1. Which type of dialysis modality is better?
Neither method can be said to be ‘better’ or ‘worse’ as each has its advantages and disadvantages. Regardless of whether you are on haemodialysis (HD) or peritoneal dialysis (PD), you will need to adjust your daily routine. Planning ahead for dialysis will give you more time to consider your options and how each would affect your daily routine.
When it comes to comparing HD or PD, both modalities result in the same overall patient survival. PD patients have the opportunity to customize PD prescriptions and also report high levels of satisfaction and personal well-being. They also have a lower rate of certain infections, for example, septicaemia, pneumonia, and hepatitis B and C.
As everyone’s situation is different, you should talk to your doctor about planning for dialysis as early as possible.
2. How much does dialysis cost? Can my insurance pay for it?
There are a number of factors that affect the cost of dialysis. Haemodialysis and peritoneal dialysis incur different costs and there is provision for dialysis payments under the Medisave Scheme. Speak to your medical social worker (MSW) if you require assistance with the cost of dialysis.
3. How do I know that it is time for me to start dialysis? Can I avoid going on dialysis altogether? What are the consequences of not undergoing dialysis at all?
Generally, if you are in CKD Stage 3 or 4, then it is time to prepare for dialysis, which becomes necessary at CKD Stage 5 (when your GFR falls to below 15 ml/min). To begin planning, a nephrologist (kidney specialist) will assess your condition and advise you on expected lifestyle changes as well as dialysis treatment options. It is important to have a full understanding of PD – HD and kidney transplantation, so you and your family are well informed, prior to making your decision for one treatment over another. An increased understanding of your options will allow you to make the best choice for yourself.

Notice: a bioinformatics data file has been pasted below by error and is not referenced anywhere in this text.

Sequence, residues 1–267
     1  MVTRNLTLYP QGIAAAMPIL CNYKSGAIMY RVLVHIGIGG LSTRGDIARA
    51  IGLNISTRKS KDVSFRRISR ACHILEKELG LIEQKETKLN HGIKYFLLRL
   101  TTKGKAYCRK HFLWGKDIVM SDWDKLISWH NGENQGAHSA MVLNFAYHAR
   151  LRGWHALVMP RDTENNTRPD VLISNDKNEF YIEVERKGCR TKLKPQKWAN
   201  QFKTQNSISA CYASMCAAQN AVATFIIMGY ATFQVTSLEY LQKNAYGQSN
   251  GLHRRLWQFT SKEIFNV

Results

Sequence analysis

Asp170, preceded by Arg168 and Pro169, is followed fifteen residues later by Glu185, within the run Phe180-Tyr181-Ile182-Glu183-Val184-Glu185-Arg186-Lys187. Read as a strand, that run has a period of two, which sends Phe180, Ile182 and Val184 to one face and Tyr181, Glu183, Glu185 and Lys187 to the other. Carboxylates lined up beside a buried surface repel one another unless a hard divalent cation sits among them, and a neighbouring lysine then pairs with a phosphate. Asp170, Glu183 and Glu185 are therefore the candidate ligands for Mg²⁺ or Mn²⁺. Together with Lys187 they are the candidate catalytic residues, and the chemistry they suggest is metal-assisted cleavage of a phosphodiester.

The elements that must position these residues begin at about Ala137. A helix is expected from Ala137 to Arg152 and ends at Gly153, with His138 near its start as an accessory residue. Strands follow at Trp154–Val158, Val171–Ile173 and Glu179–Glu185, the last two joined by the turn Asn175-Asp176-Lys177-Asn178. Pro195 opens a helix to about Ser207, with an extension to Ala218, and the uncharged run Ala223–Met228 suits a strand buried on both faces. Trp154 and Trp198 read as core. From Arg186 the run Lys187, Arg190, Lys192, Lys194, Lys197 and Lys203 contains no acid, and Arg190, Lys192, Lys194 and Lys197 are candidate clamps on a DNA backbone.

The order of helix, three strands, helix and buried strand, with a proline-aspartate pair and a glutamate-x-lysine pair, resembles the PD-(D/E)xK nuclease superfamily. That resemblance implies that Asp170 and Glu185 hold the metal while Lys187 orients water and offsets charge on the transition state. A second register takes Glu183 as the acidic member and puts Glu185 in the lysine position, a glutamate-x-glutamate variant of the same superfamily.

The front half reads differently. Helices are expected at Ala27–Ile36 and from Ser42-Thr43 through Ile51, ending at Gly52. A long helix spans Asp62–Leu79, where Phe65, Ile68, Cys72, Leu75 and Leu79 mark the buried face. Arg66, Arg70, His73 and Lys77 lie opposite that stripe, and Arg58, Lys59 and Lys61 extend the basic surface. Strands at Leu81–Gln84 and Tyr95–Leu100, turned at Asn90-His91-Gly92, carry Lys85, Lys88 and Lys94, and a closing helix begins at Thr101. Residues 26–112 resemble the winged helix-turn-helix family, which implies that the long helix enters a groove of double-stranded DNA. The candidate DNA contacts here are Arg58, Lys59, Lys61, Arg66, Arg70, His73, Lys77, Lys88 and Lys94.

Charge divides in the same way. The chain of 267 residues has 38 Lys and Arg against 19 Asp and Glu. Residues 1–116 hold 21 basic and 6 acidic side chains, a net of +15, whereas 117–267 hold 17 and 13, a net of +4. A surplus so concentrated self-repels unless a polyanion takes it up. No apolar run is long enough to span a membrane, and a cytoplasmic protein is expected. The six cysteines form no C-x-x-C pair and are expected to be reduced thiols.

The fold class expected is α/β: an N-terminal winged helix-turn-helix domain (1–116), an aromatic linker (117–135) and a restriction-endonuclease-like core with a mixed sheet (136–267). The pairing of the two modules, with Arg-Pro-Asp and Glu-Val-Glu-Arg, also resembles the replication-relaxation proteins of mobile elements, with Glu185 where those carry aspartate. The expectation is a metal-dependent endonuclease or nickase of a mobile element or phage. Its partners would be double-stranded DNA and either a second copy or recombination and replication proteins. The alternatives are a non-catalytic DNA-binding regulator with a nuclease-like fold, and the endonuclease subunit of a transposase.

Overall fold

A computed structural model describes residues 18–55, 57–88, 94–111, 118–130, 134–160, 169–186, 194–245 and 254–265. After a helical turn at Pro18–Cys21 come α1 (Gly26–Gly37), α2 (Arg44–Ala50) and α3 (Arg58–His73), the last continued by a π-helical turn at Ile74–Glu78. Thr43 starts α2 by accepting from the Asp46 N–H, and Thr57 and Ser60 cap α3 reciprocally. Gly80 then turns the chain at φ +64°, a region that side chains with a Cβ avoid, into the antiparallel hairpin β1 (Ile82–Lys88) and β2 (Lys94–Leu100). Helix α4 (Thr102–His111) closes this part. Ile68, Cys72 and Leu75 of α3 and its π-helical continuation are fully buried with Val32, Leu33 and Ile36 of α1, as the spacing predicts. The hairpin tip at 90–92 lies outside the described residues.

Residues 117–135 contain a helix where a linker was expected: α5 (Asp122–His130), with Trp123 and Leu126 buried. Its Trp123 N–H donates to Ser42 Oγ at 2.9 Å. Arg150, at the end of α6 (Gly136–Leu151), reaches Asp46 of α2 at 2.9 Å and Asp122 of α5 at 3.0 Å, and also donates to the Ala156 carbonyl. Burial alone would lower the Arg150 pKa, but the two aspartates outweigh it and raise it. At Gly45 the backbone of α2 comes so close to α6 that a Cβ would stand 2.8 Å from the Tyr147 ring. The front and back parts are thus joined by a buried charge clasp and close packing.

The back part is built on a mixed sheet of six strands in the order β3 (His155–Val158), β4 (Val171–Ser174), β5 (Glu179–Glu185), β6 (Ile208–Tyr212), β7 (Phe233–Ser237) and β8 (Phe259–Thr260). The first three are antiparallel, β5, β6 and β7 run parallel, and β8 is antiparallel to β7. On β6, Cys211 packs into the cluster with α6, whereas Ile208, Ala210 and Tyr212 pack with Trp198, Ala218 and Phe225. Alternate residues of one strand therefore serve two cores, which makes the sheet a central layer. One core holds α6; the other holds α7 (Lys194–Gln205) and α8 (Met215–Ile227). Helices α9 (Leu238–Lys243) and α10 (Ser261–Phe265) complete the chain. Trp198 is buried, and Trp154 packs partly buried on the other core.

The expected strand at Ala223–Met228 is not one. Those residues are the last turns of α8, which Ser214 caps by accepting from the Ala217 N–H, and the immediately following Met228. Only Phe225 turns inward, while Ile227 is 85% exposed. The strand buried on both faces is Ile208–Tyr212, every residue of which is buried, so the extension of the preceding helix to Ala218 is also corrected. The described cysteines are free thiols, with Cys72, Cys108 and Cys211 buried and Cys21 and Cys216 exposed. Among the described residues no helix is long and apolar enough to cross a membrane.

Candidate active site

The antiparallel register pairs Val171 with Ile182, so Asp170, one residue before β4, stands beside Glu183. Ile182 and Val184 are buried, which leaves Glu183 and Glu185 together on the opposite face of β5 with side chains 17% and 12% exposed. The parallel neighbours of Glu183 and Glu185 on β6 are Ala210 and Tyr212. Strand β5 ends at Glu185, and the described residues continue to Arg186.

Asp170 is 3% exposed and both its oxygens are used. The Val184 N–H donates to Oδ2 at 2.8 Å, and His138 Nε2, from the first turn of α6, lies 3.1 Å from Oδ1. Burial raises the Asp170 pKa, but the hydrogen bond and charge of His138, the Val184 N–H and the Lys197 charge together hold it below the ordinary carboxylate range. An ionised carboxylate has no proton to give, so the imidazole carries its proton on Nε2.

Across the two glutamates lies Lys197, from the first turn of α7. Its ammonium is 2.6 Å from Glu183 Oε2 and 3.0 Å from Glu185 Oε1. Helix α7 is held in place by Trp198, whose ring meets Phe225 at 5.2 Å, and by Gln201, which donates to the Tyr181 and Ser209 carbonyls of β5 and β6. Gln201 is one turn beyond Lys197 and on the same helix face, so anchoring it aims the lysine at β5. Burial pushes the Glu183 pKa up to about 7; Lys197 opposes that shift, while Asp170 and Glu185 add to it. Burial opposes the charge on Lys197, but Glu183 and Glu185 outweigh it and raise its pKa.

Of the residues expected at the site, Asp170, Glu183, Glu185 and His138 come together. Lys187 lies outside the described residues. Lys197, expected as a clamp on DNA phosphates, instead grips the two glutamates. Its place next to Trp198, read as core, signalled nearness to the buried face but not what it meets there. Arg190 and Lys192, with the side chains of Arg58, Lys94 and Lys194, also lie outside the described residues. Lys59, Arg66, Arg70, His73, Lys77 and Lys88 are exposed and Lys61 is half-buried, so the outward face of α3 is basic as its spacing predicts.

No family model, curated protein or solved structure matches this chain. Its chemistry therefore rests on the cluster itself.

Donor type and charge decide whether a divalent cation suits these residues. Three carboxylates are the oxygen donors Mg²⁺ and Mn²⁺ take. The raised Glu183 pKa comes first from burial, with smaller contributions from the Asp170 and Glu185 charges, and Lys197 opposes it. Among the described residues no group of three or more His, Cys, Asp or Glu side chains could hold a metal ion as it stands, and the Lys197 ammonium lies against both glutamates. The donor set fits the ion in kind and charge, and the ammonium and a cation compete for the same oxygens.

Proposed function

If CKD is diagnosed in the early stages (1 or 2), your doctor may advise you to try and control further kidney decline through diet and lifestyle changes. If you adhere to these recommendations, you may be able to avoid dialysis. Making an informed choice, such as eating a balanced diet that is low in fat and salt, exercising regularly, and curbing habits like smoking and drinking will also help keep your kidneys from further deterioration. Be sure to also have your doctor monitor the disease closely along with other potential problems such as blood pressure or diabetes.
At CKD stage 5, not undergoing dialysis will impact your body and how you feel. At this point, you may begin experiencing certain symptoms of kidney failure, such as weakness, fatigue, shortness of breath, nausea and vomiting. Consult your doctor about planning for dialysis before you need emergency dialysis at which point you will no longer be able to choose the type of dialysis that best suits your lifestyle.
An alternative solution to dialysis is having a kidney transplant, if you have been certified medically suitable by your nephrologist.
4. Do I still need to continue medication after I start on dialysis?
You will most likely need medications as dialysis cannot take the place of all kidney function. Also, it will be necessary to maintain vitamins and hormones, such as erythropoietin, calcium and vitamin D. The doctor will advise you on the best course of action and will take into consideration all the medications you may be taking.
5. Do I need to control my diet and fluid intake after I start dialysis?